You find yourself wondering how you got into this situation. You are trapped in a nightmare, legs heavy as you try to run away from the monster chasing you.
As you are on the run, an image of a safe haven fills your senses. Suddenly, your surroundings transform: the monster disappears and the walls fall away, revealing that you are now safe.
After a few seconds, it dawns on you that you are in control of your environment despite being asleep. A smile grows upon your lips as you realize — you are lucid dreaming.
According to the Lucidity Institute, lucid dreaming is “dreaming while knowing you are dreaming.”
Dutch writer and physician Frederik van Eeden is often referred to as the first man to call this concept of dream awareness “lucid dreaming.” However, according to the World of Lucid Dreaming, the term“lucid dreaming” was actually coined by French sinologist, the Marquis d’Hervey de Saint-Denys in his 1867 book “Dreams and the Ways to Direct Them: Practical Observations” which addressed the “experience of lucid dreaming.”
While lucid dreaming, an individual’s consciousness is alert while the person is still asleep, allowing that person to interact with elements in the dream as if she were awake.
In a lucid dream, people can transform their environment at will and gain abilities such as flight, telekinesis and shape-shifting. Lucid dreaming also allows them to explore their subconscious mind, aiding and fueling self-discovery, creativity, healing and fear confrontation.
Lucid dreaming occurs in REM sleep due to high brainwave activity. REM (rapid eye movement) is the final stage in the sleep cycle that is considered the “onset of dreaming.”
According to WebMD, the REM stage is reached about 90 minutes after falling asleep. During REM, the brain is more active and one’s “eyes move quickly in different directions.” It is also less likely for someone in REM sleep to be roused from sleep.
Lucid dreaming is becoming an accepted topic in the scientific community. Many studies have been conducted regarding the concept. The first empirical evidence of the sleep phenomenon, reported by Stephen LaBerge Ph.D, was recorded in the late 1970s.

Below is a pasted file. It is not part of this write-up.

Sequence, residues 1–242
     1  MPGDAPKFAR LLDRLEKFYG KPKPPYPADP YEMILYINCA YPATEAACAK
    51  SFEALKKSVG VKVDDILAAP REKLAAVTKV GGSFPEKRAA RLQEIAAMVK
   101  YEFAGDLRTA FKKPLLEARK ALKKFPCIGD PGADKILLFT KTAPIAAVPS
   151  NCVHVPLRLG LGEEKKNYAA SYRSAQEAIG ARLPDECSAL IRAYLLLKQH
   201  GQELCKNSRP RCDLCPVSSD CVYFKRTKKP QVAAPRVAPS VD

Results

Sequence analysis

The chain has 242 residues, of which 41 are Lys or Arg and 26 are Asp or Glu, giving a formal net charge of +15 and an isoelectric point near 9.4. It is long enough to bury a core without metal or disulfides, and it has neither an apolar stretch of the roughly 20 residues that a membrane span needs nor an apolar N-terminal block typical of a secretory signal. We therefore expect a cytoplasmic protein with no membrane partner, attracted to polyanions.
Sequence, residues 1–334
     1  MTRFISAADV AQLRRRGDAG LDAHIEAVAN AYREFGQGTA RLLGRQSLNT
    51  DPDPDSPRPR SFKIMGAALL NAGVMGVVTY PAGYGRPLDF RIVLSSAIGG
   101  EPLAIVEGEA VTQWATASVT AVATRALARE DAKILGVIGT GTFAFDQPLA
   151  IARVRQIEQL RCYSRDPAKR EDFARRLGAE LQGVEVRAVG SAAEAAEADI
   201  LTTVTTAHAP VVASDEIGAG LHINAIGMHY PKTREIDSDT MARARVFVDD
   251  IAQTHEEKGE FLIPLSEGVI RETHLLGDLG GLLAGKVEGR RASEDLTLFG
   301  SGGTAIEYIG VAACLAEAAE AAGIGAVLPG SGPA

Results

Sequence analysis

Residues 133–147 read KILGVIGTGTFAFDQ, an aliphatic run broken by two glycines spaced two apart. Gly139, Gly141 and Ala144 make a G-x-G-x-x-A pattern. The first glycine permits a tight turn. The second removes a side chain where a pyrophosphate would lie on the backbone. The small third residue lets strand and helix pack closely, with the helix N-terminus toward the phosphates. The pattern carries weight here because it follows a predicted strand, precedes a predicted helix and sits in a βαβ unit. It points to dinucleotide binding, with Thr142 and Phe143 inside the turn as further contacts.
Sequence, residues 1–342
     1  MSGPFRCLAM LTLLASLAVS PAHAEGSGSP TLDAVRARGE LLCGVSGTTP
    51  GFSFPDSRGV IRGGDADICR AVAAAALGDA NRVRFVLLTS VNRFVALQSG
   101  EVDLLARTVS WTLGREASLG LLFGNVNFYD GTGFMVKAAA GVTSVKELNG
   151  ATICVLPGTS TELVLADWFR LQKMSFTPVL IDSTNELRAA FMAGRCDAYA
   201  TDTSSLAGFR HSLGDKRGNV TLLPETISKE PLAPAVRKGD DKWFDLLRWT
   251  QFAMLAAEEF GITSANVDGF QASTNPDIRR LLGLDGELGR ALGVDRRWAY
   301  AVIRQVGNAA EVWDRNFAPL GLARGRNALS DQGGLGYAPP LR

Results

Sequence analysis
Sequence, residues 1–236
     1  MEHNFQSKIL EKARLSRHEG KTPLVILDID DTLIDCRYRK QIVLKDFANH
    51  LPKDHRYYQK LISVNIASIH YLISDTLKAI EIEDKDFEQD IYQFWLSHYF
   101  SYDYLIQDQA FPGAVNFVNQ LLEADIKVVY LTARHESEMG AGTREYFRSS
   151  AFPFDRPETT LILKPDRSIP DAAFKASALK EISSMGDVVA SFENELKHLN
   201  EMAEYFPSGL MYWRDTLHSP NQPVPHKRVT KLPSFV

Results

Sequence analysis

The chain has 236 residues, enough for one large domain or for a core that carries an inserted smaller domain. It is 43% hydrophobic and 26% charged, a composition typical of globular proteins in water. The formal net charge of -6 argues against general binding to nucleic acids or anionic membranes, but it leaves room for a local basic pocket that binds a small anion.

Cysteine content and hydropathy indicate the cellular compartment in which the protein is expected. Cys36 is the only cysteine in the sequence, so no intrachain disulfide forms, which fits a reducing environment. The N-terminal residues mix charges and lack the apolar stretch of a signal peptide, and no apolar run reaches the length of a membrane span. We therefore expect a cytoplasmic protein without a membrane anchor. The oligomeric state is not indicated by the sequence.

A recent 2009 study conducted by the Neurological Laboratory in Frankfurt found that there is increased brain activity during lucid dreaming with brainwave frequencies reaching 40 Hertz. This number is considerably higher than normal frequencies in “the normal dream state (which takes place in the Theta range, or 4-7 Hertz).”
In 2014, Frankfurt University reported that lucid dreaming can be induced by “harmless electrical stimulation of the brain.”
Lucid dreaming is also discussed in ancient Buddhist and Hindu writings and is described as a way to better understand the human consciousness.
Contrary to popular belief, lucid dreaming is not a natural phenomenon. In fact, another recent study stated that only “20 percent of the population or about one fifth” of people can naturally lucid dream.
Despite this, everyone has the potential to lucid dream. There are methods ranging from meditation and “lucid dream induction devices” that can help someone experience a lucid dream.
Lucid dreaming is a concept that has been increasing in popularity in recent decades. The subject is mind-boggling and stimulating and opens up another mystery about the human subconsciousness. As fun as being able to transform one’s dreamstate could be, lucid dreaming also allows a dreamer to learn more about herself while being in touch with both her subconscious and conscious.
Sites such as www.lucidity.com and www.world-of-lucid-dreaming.com/ provide information about the topic.